Paul likewise affirms this view in his various dealings with the subject of marriage and divorce. In Ephesians 5:15-32 Paul addresses the issue of relationships in marriage and uses the exclusive language of male and female as the primary agents of what constitutes a marriage. Paul even quotes Genesis 2:24 (like Jesus) in discussing this relationship. Paul, like Jesus, viewed marriage as a commitment between a man and a woman. In the Pastoral epistles (certainly of Pauline influence) even the characteristics of certain leadership positions within the church include the call to be “the husband of one wife” (literally mias gynaikos andra, 1 Timothy 3:2; Titus 1:6; cf. 1 Timothy 5:9. Alternative translations emphasize the exclusivity of the genders here with words like “married to one wife only” or “a man faithful to his own wife” or even “one woman man”). At the very least, when Paul deals with issues of marriage, the focus is on the relationship between a man and a woman. No reference is given anywhere in the NT to a marriage as consisting of a committed relationship between individuals of the same gender.
If marriage in the New Testament is characterized as one man and one woman in a monogamous relationship, then homosexuality is presented as a rejection or even a corruption of a proper knowledge of God. Although Jesus never directly addresses the issue of homosexuality, Paul mentions the issue several times in his letters (Romans 1:18-32; 1 Corinthians 6:9-11; 1 Timothy 1:8-11). The last two references primarily name “homosexuality” as one of many sins in a list of what is considered unrighteous, while in Romans Paul lumps homosexual relations in with a host of “unnatural” errors that humans embrace when they cease to acknowledge God and his righteousness. Paul here lists male and female homosexual activities as an exchange of the natural passions for that which God considers unnatural (Rom. 1:26-27). The point Paul seems to make is that homosexual sin is one of many ways that humans tend to exchange God’s natural order for an idolatrous unnatural expression of their own humanity. In other words, Paul sees sexual sin in general (including sins like fornication and adultery) as a rejection of God’s natural intentions. In other words, to reject God’s purpose is to exchange God’s nature for selfish human desires.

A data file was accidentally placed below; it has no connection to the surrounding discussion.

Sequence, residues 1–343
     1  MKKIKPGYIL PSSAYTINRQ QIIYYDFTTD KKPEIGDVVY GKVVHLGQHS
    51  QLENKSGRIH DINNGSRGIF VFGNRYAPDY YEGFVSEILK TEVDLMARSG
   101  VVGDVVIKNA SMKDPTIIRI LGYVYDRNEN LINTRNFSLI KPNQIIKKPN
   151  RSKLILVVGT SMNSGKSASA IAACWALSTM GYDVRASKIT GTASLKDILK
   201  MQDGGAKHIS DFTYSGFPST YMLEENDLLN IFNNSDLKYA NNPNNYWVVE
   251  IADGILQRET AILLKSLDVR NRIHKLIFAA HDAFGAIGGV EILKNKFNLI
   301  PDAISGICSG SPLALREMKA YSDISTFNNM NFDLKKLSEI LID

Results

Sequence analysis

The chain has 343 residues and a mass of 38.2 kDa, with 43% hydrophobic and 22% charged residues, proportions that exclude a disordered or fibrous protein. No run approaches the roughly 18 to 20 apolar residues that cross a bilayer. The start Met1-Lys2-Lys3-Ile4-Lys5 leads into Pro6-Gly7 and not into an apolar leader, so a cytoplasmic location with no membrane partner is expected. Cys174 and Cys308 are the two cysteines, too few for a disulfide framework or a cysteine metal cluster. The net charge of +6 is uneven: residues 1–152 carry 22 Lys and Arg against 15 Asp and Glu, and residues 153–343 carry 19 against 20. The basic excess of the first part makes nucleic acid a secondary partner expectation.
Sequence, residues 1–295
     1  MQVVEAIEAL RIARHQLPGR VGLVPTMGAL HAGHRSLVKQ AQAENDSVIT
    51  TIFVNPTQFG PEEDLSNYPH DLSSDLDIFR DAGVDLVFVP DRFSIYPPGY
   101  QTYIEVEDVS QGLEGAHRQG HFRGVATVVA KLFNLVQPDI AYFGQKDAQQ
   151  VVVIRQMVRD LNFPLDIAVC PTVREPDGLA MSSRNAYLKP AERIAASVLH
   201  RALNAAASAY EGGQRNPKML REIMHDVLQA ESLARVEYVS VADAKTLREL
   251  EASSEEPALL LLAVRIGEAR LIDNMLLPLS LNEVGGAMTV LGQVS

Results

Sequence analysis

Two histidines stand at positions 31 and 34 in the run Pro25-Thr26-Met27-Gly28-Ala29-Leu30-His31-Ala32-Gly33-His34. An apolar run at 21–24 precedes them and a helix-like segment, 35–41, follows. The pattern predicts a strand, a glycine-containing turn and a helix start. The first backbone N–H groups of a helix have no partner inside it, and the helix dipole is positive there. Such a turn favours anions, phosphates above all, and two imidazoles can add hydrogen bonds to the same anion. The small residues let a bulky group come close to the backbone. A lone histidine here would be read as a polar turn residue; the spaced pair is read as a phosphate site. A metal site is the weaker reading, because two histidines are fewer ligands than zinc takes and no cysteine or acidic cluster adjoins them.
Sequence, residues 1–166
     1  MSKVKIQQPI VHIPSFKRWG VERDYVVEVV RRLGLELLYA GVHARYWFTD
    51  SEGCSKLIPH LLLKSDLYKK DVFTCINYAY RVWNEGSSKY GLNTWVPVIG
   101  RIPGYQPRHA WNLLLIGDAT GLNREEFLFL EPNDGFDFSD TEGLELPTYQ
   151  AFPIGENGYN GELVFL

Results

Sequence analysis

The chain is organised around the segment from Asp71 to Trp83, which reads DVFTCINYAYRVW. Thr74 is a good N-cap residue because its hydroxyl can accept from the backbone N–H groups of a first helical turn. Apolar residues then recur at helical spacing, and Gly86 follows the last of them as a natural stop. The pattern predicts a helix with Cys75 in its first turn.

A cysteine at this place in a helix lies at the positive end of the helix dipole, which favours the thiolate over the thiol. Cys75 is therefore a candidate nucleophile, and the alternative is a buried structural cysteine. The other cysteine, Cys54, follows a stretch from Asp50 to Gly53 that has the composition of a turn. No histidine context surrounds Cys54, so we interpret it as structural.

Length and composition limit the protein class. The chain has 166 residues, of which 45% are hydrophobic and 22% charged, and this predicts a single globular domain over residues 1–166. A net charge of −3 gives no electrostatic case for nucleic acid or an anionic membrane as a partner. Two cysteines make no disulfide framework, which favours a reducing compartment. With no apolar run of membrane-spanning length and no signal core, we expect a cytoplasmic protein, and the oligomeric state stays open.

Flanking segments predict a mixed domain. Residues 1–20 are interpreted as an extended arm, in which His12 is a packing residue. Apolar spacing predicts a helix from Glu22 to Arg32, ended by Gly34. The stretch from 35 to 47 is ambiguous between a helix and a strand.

What is the point then of this short investigation? The point is that marriage and sex are presented in the New Testament as having a particularly godly function. Marriage is not a means of satisfying an individual’s personal cravings for attention or for adulation, and sex is not created purely for the sake of human pleasure. This brief article does not allow room to explore the Old Testament views of sex and related issues, but suffice it to say that the goal of these relationships focuses not on human pleasure but rather on the nature and intentions of God. That humans are created for relationships is evident in the whole of the Bible, but that those relationships are created solely for selfish pleasure is not at all apparent. The goal of human relationships is to reflect the image of God; that is, to give little glimpses of God’s character. To relegate these relationships solely to the area of personal preference or even personal pleasure is in essence to deny that human beings resemble the Creator in any way. This denial damages human relationships in general and will eventually degenerate into a treatment of other people as merely a means to a rather selfish end. The recognition that God has a purpose for sex and marriage is not a magic wand to cure all relationship problems, but this recognition requires us to investigate fully how our relationships reflect God’s purposes and designs. If they do not, they must be changed.
- Leo Percer, PhD
Associate Professor of Biblical Studies
The Great Commission, the parting command of Jesus to His first disciples, is stated in a number of New Testament passages (Mt. 28:18-20; Mk. 16:15; Lk. 24:46-49; Jn. 20:21; Acts 1:8). The passage most commonly quoted is the one in Matthew's Gospel: